June 4, 2012
 

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Broadcaster Arute got his start in New Britain

By Brian Danko, Staff Writer
The New Britain Herald & Bristol Press

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Jack Arute has been known as a lot of names since his days as a youngster growing up in New Britain. There was Little Jack, Jackie, Jack, Jr, and now just Jack Arute, but the one thing that hasn’t changed is his hectic schedule and work load.

Arute began his network broadcasting career with ABC sports and ESPN in 1984. He served as one of the voices of NASCAR racing for MRN Radio, the Motor Racing Network from 1972 to 1980.

Today, Arute can be heard on Sirius Satellite Radio serving as host of a college football show daily and then Sunday’s doing the NFL Rewind show.

For years, Arute was part of the Indy 500 coverage but sadly for viewers no longer is, and when asked why he is not connected with Indy racing today, where he literally became known as one of the television voices of the Indy 500 he replied, “I wish I still was but they decided to go into another direction.”

Nobody today may know more about the Indy 500 and Indy car racing than Arute.

Arute began his broadcasting days at his father’s Stafford Motor Speedway as he was track announcer along with current FOX racing announcer, Mike Joy.

“I was on the air with ABC for 29 years doing Indy racing, college football sideline reporter as well as working several Olympics.” Arute said after finishing his radio show recently.

Arute will always have a special place in his heart for Indy racing, but he fears the sport has been left behind instead of trying to stay current or move ahead.

“They have spent too much time trying to recapture the past. You can’t go back, you can only look to the future. They are making several of the same mistakes that CART (Championship Auto Racing Teams) made,” he said.

CART and the Indy Racing League (IRL) were two separate Indy-style organizations fighting for control and today Indy Car racing, the former IRL, is the lone open wheel promoter.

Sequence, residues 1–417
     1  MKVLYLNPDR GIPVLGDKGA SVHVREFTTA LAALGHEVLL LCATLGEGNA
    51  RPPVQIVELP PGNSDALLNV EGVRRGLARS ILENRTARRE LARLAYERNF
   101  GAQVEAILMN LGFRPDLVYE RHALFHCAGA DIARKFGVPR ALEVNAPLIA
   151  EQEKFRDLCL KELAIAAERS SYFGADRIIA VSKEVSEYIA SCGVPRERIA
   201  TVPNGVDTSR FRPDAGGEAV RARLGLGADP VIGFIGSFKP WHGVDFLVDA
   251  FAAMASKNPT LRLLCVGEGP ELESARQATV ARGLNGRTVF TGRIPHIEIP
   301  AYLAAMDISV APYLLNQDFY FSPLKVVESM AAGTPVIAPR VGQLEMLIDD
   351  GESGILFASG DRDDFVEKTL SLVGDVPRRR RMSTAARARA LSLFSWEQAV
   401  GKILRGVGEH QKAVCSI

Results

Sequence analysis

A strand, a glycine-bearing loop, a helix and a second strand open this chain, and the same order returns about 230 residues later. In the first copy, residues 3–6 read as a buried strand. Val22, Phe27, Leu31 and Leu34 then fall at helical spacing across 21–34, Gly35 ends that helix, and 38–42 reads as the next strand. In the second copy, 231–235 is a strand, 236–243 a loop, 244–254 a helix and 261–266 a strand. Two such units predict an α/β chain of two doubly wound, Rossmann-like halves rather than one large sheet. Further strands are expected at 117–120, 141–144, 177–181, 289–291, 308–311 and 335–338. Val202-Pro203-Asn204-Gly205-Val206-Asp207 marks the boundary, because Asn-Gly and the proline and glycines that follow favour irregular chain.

“They need to entice new fans to watch Indy car racing. They still think all they have to do is recapture the CART fans of the past and they will be all right. Those fans have moved on to other things,” Arute said.

Today the Indianapolis 500 is Indy Car racing’s biggest event both nationally and worldwide, and while it still draws 350,000 fans at the track on race day, and millions more on television and radio, the race itself isn’t what it once was.

There are less Americans in Indy racing, more street courses than oval tracks, which NASCAR runs on, and a lack of interest in the sport which once was the dominate force in American auto racing, especially in the 1960’s, 70’s and early 80’s.

NASCAR has since taken over that niche but Arute wonders with the astronomical cost of racing if NASCAR isn’t heading for trouble.

“I don’t know if Richard Petty or Tony Stewart would make it today in racing if they were starting out because of the cost. Back then, if you had talent you could get a ride and work your way up, but now you have to bring a ton of money or a sponsorship program to get in,” Arute said. “Where is the next Jeff Gordon or Joey Logano coming from? NASCAR had a minor league with the local race tracks across the country but now they are pushing the K&N series as the next place to watch the future stars of NASCAR.”

Besides his radio shows, he continues to serve as president of the Stafford Motor Speedway which runs weekly Friday night modified racing, along with other support divisions.

“My brother Mark and his wife Lisa do a great job of running the day to day operations of the speedway and I like my role of just walking around the pit area and talking with people,” Arute said.

Arute has always had an opinion and he would let it be known, whether it was about the state of auto racing or the confusion of the college football system. It has sometimes gotten him into hot water, but also makes him a person you would want to talk with and listen to.

When Arute retires, and he shows no sign of that, his resume will show he worked as a vice president in charge of communications for the Charlotte Motor Speedway, manager of a public relations firm, Vice President and General Manager for Junior Johnson and Associates as well as running his own public relations company. He also is an author of “Jack Arute’s Tales from the Indy 500.”

“I am really happy with that,” he said. “It is now going into its third printing and includes everything through last year’s Indy race.”

Arute is as comfortable talking about the status of short track racing to the short comings of the NASCAR Whelen modified tour, Indy Car racing, NASCAR and college football, but it was his humble beginnings in the Hardware City that gave this worldwide-known broadcaster his start.

 

Brian Danko has been covering Auto Racing for over 30 years for various magazines & and racing papers including Area Auto Racing News. His weekly column can be seen "In The Print Editions" of  The New Britain Herald & The Bristol Press.

 

Copyright © 2012 Brian Danko